Research showed non-housing debt, including credit cards and student loans, is on the rise, increasing 51% since 2013.
Interest rates are also squeezing consumers, with the average credit card interest rate at more than 20%. Hannah Halbert, executive director of Policy Matters Ohio, said the rise in debt corresponds to stagnant wages and a failing labor market. She pointed out more Ohioans now have to rely on credit cards to make ends meet because their salaries are not keeping pace with inflation.
She expects the gap to widen.
"In a state like Ohio, where three of the top 10 job categories in the state paid less than 130% of poverty, it is no wonder that people are having to take on debt," Halbert explained.
Research from Bankrate shows fewer people are paying their credit card balances. The number of holders with a balance has jumped to 46%, up from 39% in 2022. According to Experian, the average credit card balance in Ohio is more than $5,000.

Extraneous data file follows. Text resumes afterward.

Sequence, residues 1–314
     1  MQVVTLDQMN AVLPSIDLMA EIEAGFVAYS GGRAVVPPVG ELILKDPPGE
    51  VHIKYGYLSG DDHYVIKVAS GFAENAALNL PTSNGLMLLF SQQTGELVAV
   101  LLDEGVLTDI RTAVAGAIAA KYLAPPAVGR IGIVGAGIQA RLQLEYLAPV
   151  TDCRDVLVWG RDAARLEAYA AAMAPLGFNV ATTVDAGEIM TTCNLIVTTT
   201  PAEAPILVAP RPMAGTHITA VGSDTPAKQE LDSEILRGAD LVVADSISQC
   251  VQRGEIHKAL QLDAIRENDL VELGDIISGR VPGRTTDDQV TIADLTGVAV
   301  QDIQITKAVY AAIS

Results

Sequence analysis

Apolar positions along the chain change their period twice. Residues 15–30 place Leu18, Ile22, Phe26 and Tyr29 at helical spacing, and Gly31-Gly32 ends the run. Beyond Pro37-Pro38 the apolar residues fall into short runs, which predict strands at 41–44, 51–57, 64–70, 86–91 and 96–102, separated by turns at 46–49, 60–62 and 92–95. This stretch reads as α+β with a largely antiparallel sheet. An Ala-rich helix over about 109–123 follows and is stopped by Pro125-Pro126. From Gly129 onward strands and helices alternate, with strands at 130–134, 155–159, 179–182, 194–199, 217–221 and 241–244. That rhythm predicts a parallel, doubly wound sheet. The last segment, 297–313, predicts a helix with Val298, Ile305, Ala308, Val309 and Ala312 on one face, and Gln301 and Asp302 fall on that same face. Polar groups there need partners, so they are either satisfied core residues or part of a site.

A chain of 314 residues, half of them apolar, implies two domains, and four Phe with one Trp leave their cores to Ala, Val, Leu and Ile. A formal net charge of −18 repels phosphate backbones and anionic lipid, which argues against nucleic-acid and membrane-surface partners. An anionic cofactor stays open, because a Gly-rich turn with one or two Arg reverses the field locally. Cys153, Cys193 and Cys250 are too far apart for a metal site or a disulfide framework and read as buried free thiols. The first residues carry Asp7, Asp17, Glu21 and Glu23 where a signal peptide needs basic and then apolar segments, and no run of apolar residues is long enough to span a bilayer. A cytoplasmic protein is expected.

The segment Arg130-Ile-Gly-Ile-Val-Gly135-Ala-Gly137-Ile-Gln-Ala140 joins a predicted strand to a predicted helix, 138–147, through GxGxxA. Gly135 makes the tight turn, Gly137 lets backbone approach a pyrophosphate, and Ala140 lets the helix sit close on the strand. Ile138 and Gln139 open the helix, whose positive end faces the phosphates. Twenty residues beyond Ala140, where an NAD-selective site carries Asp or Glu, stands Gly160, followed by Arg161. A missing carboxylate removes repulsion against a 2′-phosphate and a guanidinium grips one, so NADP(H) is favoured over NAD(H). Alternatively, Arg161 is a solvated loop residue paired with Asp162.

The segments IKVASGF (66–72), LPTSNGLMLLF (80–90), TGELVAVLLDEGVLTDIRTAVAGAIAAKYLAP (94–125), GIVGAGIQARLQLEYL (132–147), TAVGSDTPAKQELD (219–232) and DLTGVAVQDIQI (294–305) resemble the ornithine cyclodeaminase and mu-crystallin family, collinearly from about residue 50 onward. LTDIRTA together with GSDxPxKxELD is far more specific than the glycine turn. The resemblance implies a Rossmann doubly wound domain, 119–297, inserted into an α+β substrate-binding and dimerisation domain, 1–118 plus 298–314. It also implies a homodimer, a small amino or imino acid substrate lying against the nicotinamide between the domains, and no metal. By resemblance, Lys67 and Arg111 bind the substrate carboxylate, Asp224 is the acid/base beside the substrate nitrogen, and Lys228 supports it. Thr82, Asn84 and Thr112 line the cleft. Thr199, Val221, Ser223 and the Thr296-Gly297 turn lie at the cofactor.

Halbert noted a "triple threat" of credit-card debt, medical debt and student loan debt as compounding a crisis affecting local economies and families' ability to provide for their children and thrive. She argued debt is no longer a personal problem or individual decision, and pointed to universal health care and free community colleges as partial solutions to ballooning debt.
"These are really outgrowths of failed policy, and a decision by policymakers to not use our shared resources, like our tax revenue, to solve these problems," Halbert contended.
In 2021, almost 60% of all third-party debt collection were for medical debt. Halbert said some local governments taking steps to address debt among residents with hospital bills.
According to Policy Matters Ohio, Columbus and Cleveland have considered legislation which would use American Rescue Plan Act funding to retire hundreds of millions of dollars in medical debt.
This story was originally published by Ohio News Connection and republished here with permission.